Come spring, this is going to be one noisy joint. This winter: planning, cross fencing, building of shelters, repair of existing outbuildings, installation of Nite Guards, and dreaming of creamy foie gras on toast and duck confit next fall.

Diaper of Shame

In other news, Ursa the puppy has attained her majority. So to speak. Two weeks shy of her big operation, she jumped the shark. Again, so to speak. Anyway, lots of cleaning, lots of Doggy Depends, lots of worrying about coyotes trying to break through our windows to get at the lovely Miss Ursa. (Not really, but that’s where my brain goes when I hear them in the surrounding fields.) We have three weeks to wait until she gets to see the vet again. Yay. *sigh*

Scorpions are back with a vengeance. We’re hitting the perimeter with spray and a borax/DE mixture because it’s gotten so bad that the husband literally hallucinated one in our bed last night. He screamed, “Holy shit! Look at that!” and I was looking and looking and said, “I don’t see anything!” and he started flipping the blanket around and there was nothing there. Well played, scorpions.

**Raised beds, YES PLEASE! I just can’t keep on top of the weeding and mulching required to beat back Texas Bermuda grass. We had originally chosen that

Mulberry thinks it’s spring. What up, nature?

yard because it has 7′ deer fencing and we wanted the protection. Lessons learned? NO DEER IN THIS PART OF THE WORLD. The farmers shoot them, they got the memo…Whatever. They’re not here. I’ve seen two in a year. Also, Bitch grass will always win. Always.

So, eight 4×8′ cedar raised bed boxes will be built this winter, lasagna layering installed in each, and come spring? Let’s just say I’m really excited about not weeding, having the gardens closer to the house and the water supply, and the boom that is going to be our production. We’ll also have a large in-ground bed for the spreaders (melons, winter squash, etc.), but I at least can handle weeding one 4×12′ bed.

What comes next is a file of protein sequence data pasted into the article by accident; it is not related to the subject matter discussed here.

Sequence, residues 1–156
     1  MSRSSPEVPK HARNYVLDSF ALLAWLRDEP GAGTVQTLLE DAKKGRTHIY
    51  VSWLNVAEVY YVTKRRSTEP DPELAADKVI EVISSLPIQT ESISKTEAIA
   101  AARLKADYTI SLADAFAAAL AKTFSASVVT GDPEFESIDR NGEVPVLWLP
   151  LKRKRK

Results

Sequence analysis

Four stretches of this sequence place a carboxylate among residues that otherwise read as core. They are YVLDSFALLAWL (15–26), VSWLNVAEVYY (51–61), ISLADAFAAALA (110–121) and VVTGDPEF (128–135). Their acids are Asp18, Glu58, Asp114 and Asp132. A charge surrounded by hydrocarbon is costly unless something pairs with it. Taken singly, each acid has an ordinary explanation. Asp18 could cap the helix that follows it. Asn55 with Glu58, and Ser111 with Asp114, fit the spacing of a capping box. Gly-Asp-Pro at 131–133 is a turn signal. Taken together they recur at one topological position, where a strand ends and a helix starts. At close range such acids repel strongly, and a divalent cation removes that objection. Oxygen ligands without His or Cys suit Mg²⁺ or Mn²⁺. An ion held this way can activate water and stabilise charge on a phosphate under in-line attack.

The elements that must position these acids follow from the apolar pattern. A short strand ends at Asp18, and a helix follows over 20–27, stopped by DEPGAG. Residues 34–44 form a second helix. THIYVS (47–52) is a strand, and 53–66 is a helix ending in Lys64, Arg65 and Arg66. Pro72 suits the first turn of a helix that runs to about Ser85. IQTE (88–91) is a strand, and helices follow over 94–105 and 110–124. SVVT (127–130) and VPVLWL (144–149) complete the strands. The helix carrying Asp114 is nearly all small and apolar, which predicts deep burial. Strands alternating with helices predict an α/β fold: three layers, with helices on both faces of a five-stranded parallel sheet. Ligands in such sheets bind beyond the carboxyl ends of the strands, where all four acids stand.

Jesus Christ, I just realized: That’s a busy fucking winter. What have I done?

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Double Down

We’ve had a rough few days at El Rancho Loco. First, on Saturday morning early (like 5:00 a.m.), we both woke up to start the day. Nice start to our weekend, yay! I reached to the floor, in the dark, for my kick-ass Dickie’s camo shorts and SHABBAP, got hit by a scorpion. I screamed on the top of my lungs, “Motherfuckingshitballsfuckingscorpion *breathe* AAAAAHHHHHFUCKYOU!!!!” The only scorpion in the entire house was sitting right where my thumb reached. We know because we spent the next 15 minutes looking around the carpet with a blacklight. What are the fucking odds? Why my bedroom? There’s no water there, there is only certain death. I think my friends and family are safe from scorpions though, because every one of those pieces of shit will come for me while my loved ones run away.

When Lovelace was the biggest lady in the yard.

So I iced my thumb and put NeoSporin with lidocaine on it and went out to let out the chickens/geese. I noticed my favorite (she’s my favorite now, despite this post where I called her Bitchface #2) is looking a little funky. She usually stands in front of the geese right at the door, waiting to be let out (she’s the alpha). That morning, she was on the ground, and when she got up, she was limping. Then I noticed that she had a little eye funk and was wheezing a little. So I did some research in my books and online, and we got some VetRX to help with possible respiratory infection and cider vinegar to add to the water, to help with her overall malaise and possible parasites. I spent Saturday and Sunday cleaning her butt and rubbing her with medicine and watering her. I put her in the jumbo cat carrier to isolate her. She spent the next two days sliding downhill.